by Matias Lopez, Universidad Católica, Chile
A survey of over 800 elites in six Latin American countries reveals that they acknowledge economic inequality as a problem, but see little incentive to reduce inequality. The elite from stronger and more stable democracies tend to be more aware of inequality as a political problem. Yet they do not view equitable income re-distribution as the answer.
That a tiny elite accumulates excessive wealth and power prompts concern about the future of democracy. We know from several studies that this inequality may generate conflict and support for non-democratic leadership — a perilous situation recognized by citizens of the United States and Europe. But what do elites themselves think about the risks of inequality? Do they feel comfortable living with these risks, or do they feel worried about them? And if they feel worried, what are they willing to do about it?
To answer these questions, Latin America provides a very useful set of cases. Many large and durable democracies in the region, such as Argentina, Brazil, and Mexico, have high levels of economic inequality even though this inequality creates urban violence and social unrest. Extreme inequality in a democracy is a problem for average citizens because it puts in doubt Lincoln’s principle of “government of the people, by the people, for the people.” Meanwhile, elites also have good reasons to fear inequality as they are clearly impacted by the political turmoil and the social violence that can follow.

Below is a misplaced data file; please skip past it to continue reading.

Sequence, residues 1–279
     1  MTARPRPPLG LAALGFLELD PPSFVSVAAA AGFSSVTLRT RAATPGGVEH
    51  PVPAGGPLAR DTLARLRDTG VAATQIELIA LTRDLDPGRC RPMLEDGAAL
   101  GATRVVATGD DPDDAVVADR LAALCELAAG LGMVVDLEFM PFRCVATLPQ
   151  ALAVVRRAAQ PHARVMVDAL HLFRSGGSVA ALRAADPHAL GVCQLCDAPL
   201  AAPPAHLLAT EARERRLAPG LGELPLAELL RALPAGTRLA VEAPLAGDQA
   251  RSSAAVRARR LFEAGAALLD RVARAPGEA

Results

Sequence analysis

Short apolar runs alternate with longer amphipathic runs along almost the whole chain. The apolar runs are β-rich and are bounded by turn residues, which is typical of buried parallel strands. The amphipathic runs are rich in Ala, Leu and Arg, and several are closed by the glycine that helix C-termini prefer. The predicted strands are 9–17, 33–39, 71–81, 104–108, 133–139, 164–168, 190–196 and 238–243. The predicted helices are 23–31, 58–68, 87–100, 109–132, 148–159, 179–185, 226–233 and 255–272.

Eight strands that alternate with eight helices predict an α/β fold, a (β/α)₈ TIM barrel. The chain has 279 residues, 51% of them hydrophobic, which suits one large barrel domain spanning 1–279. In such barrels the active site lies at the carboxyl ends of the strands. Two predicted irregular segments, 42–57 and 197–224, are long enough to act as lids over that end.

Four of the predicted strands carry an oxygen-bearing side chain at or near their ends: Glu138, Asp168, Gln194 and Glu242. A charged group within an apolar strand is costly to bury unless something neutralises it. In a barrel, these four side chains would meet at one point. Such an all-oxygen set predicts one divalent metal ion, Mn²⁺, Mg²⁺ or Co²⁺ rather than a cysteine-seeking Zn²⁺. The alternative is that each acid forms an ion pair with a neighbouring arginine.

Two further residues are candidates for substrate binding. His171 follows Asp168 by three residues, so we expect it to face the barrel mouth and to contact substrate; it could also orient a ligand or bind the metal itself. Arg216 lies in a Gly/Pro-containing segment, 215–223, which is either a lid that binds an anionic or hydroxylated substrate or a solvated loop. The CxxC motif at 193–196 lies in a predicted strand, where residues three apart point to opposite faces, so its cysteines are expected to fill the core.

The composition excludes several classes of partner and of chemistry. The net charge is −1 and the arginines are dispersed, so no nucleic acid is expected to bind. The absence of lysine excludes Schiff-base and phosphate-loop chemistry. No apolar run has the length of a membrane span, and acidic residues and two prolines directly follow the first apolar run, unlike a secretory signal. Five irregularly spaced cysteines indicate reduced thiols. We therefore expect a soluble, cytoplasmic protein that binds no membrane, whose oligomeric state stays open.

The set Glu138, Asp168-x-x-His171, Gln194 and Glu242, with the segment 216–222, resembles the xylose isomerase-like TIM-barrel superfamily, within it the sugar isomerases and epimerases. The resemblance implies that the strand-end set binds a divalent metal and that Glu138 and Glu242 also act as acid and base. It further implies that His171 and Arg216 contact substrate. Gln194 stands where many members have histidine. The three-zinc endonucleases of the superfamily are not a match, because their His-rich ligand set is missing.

I looked at the University of São Paulo survey conducted in six Latin American countries of over 800 members of the elite in the realms of politics, business, and civil society. I found out that most of the elite share the usual concerns about inequality and democratic stability.
But the relationship between concern and action has not to do with inequality itself, but with the strength and stability of democracy.